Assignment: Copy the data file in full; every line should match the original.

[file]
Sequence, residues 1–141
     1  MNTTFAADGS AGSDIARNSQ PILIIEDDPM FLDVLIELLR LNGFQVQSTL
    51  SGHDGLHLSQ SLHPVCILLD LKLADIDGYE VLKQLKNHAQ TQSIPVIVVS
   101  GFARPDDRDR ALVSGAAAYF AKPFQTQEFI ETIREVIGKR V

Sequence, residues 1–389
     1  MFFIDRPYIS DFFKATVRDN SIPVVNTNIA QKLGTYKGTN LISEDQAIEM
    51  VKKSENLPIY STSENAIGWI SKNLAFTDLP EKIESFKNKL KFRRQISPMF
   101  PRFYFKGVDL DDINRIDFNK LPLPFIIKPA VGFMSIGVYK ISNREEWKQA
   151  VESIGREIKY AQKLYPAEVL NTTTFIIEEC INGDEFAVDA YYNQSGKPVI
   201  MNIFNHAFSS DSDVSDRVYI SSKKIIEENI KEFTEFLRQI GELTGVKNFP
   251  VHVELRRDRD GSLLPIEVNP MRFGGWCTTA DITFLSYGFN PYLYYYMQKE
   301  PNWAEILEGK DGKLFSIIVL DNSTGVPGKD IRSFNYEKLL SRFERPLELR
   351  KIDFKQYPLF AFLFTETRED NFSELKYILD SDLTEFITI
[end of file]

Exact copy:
Sequence, residues 1–141
     1  MNTTFAADGS AGSDIARNSQ PILIIEDDPM FLDVLIELLR LNGFQVQSTL
    51  SGHDGLHLSQ SLHPVCILLD LKLADIDGYE VLKQLKNHAQ TQSIPVIVVS
   101  GFARPDDRDR ALVSGAAAYF AKPFQTQEFI ETIREVIGKR V

Sequence, residues 1–389
     1  MFFIDRPYIS DFFKATVRDN SIPVVNTNIA QKLGTYKGTN LISEDQAIEM
    51  VKKSENLPIY STSENAIGWI SKNLAFTDLP EKIESFKNKL KFRRQISPMF
   101  PRFYFKGVDL DDINRIDFNK LPLPFIIKPA VGFMSIGVYK ISNREEWKQA
   151  VESIGREIKY AQKLYPAEVL NTTTFIIEEC INGDEFAVDA YYNQSGKPVI
   201  MNIFNHAFSS DSDVSDRVYI SSKKIIEENI KEFTEFLRQI GELTGVKNFP
   251  VHVELRRDRD GSLLPIEVNP MRFGGWCTTA DITFLSYGFN PYLYYYMQKE
   301  PNWAEILEGK DGKLFSIIVL DNSTGVPGKD IRSFNYEKLL SRFERPLELR
   351  KIDFKQYPLF AFLFTETRED NFSELKYILD SDLTEFITI